I’ve always been proud of my memory. I remember as a kid I found the word “eidetic,”and didn’t quite understand that it was the same thing as “photographic,” so I began using it to describe my memory. It’s not eidetic, actually, because the word describes the ability to recall visual images with remarkable vividness after only a short time of exposure, and my visual memory is awful. But I can remember trivia like nobody’s business. It never takes me more than two days to memorize all of my students’ names, for instance, and I can rattle off half of the rules of D&D with no trouble.
In the last few years, however, I’ve lost that pride in my memory. Partly because as I’ve grown older it has become less sharp, less capacious; I forget stuff now. My wife used to call me her Port-a-Mem, because she could tell me to remember something and I would; now I need to write stuff down. But the larger reason is that I can’t seem to recall my own childhood very well. I have a friend who has almost perfect recall of anything that happened in our childhood, and I don’t have any recollection of half the things he talks about the two of us doing in our elementary school years. I have to struggle to remember my teachers, or any of the lessons I learned in school. Holiday memories, meals or presents or specific events; I have very few. I remember we went to the Christmas Revels every year, but I don’t remember them. I remember going to First Night in Boston, both with my family and with my friends, but all I remember is those frigging plastic trumpets, the same ones that made such a noise at the World Cup a few years ago. I read about authors who use their childhood as a treasure trove – or maybe a mine shaft is a better analogy – from which they draw ideas for prose or poetry, but I feel like I don’t have that. It feels like a disadvantage, like a vital element of being a writer that I lack. I know this isn’t unusual, either for people in general or for writers in specific – we ain’t all Marcel Proust, who wrote seven volumes starting from the memory of a cookie – but it makes me a little sad that I have a good memory that used to be a great memory: only not for myself. My own life is, while sometimes clear and picture-perfect, mostly a blur.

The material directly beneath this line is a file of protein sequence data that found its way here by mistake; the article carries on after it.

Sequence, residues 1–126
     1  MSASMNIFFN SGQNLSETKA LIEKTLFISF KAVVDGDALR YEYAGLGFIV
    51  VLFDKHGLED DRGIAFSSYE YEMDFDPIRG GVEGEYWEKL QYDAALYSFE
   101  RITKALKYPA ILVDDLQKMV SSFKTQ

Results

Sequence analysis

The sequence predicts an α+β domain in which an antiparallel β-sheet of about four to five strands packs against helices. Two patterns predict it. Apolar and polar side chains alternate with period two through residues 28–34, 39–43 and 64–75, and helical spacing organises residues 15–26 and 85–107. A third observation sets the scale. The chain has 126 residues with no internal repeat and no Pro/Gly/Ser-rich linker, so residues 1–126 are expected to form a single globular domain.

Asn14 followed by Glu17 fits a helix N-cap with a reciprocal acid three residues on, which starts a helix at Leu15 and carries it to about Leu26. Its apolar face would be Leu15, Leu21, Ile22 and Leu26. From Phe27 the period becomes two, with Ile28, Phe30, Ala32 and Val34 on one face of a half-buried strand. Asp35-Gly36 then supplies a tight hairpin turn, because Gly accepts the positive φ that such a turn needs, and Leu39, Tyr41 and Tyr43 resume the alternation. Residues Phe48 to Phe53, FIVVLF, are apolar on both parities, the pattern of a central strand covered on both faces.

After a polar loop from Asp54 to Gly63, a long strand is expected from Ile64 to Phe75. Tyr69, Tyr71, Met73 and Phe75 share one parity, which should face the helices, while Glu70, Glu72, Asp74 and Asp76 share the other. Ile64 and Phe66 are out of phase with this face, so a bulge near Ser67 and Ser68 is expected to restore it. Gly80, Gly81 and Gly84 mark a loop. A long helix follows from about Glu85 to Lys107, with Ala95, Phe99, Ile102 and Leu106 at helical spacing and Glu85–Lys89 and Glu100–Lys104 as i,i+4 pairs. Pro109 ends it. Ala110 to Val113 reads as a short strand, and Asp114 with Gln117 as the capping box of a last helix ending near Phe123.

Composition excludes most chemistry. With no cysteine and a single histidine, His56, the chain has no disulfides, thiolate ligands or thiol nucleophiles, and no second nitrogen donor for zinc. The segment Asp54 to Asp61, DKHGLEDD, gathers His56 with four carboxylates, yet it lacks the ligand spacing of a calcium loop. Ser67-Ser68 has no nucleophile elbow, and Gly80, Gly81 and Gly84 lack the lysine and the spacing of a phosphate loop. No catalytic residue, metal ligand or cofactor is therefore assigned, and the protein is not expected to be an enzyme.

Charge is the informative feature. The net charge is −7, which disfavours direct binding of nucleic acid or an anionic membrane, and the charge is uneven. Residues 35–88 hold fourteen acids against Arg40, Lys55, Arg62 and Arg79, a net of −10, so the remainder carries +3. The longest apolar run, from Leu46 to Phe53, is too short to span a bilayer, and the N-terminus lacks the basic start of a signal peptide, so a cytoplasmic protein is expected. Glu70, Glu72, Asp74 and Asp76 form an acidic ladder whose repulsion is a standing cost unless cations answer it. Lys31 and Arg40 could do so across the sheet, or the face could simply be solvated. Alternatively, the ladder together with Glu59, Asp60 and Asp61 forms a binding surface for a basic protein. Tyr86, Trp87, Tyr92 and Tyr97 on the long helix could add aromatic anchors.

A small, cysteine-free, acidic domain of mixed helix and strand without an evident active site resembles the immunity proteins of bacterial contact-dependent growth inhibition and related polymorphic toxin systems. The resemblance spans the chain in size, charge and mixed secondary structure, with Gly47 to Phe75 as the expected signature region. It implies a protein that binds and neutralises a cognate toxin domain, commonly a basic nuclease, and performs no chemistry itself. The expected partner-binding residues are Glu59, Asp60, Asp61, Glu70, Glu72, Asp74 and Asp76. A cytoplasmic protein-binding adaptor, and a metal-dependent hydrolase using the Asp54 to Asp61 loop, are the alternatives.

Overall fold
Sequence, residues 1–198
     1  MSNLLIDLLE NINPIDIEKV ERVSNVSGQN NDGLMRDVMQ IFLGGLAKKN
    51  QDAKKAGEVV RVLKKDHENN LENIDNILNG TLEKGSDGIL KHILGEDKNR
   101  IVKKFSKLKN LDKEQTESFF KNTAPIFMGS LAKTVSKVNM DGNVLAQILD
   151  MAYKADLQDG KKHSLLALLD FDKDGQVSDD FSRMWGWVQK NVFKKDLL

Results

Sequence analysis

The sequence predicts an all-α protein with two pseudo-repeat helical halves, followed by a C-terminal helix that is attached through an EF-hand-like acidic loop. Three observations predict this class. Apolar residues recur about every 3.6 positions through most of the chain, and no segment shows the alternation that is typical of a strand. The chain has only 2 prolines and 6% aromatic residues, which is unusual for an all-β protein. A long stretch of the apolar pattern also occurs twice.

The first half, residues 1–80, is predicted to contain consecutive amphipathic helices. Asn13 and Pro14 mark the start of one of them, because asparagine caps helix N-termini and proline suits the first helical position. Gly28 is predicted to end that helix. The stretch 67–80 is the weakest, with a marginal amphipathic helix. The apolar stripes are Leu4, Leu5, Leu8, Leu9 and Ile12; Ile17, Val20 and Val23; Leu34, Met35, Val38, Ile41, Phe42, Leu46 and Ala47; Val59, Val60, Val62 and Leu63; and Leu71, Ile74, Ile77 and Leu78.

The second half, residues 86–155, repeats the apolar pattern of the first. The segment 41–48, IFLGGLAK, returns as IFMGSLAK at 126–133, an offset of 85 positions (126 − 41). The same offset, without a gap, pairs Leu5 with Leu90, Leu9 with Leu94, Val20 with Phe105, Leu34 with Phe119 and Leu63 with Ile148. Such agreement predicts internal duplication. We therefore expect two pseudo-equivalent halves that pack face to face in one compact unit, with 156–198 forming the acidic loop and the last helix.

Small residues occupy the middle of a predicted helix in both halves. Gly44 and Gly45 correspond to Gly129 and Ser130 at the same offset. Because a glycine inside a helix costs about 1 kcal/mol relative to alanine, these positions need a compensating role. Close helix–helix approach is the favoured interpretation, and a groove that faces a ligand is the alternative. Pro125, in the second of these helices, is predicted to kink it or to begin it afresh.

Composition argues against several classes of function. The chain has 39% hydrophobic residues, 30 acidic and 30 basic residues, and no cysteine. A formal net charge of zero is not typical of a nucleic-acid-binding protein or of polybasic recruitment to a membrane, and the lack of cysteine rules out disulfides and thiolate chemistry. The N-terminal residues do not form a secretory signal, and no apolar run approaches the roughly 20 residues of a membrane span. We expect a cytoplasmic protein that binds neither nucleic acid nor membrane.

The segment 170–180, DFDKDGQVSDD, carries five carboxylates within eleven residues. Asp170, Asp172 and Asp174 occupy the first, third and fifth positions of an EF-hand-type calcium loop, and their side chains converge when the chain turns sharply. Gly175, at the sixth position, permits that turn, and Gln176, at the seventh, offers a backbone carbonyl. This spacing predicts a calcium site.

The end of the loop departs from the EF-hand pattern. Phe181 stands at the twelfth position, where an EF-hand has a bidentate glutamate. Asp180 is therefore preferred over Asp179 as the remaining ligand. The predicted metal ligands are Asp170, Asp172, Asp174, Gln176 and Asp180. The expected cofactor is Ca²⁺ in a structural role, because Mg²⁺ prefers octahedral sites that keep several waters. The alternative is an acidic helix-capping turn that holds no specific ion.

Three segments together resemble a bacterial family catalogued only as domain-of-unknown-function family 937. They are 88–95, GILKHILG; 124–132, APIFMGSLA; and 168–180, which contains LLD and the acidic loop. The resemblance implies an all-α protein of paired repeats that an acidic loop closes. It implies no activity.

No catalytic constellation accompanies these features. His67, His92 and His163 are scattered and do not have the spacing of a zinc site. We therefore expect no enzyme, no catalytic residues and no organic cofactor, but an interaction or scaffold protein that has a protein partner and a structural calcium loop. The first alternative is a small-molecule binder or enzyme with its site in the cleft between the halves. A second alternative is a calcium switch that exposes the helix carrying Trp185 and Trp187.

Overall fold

But then this morning I realized something. It may be that the reason why I don’t have a very good memory for my own life is because my memory is already full: of the lives of other people. I remember books.
Maybe it’s not unusual, maybe there’s nothing special about my memory of books, but I remember them quite well. My wife has, on several occasions, bought a book that sounds interesting, started reading it, and then discovered that she has read it before; I never do that. I can always pick out the books I’ve read before. I remember the books I teach, too; far better than I remember the students I taught them to. I haven’t taught John Knowles’s insipid novel A Separate Peace in ten or twelve years; but I still remember that it’s in the fourth chapter when the narrator throws Finny out of the diving tree; and it’s chapter ten when Leper Lepellier goes crazy. I remember some of the details about the daily life of Ivan Denisovich, and the cloned generations of Where Late the Sweet Birds Sang, even though I only taught those books once apiece.
I remember that the book where I found the word “eidetic” was Piers Anthony’s Bio of a Space Tyrant. And I remember almost everything about that whole series. Hope Hubris was the guy with the eidetic memory. What a terrible name. I thought it was so clever at the time.
So I’m thinking now that somewhere along the line I made the choice: I was going to remember what I read. I have wanted to be a writer since about the 4th grade, so that may be about where I decided; that was when my family read Sherlock Holmes and Edgar Allan Poe together, one of my fonder – and clearer – memories of childhood. I also read Tolkien and a whole lot of books by Anthony around that time; this is why I write fantasy and science fiction and horror, I would think. (Horror also because at age 13 I discovered Stephen King, and I have never stopped reading his books.) So perhaps I dedicated some of the memory that would otherwise have captured my own life to the retention of the fictional lives I read about.
Now I just have to decide if that’s good or bad.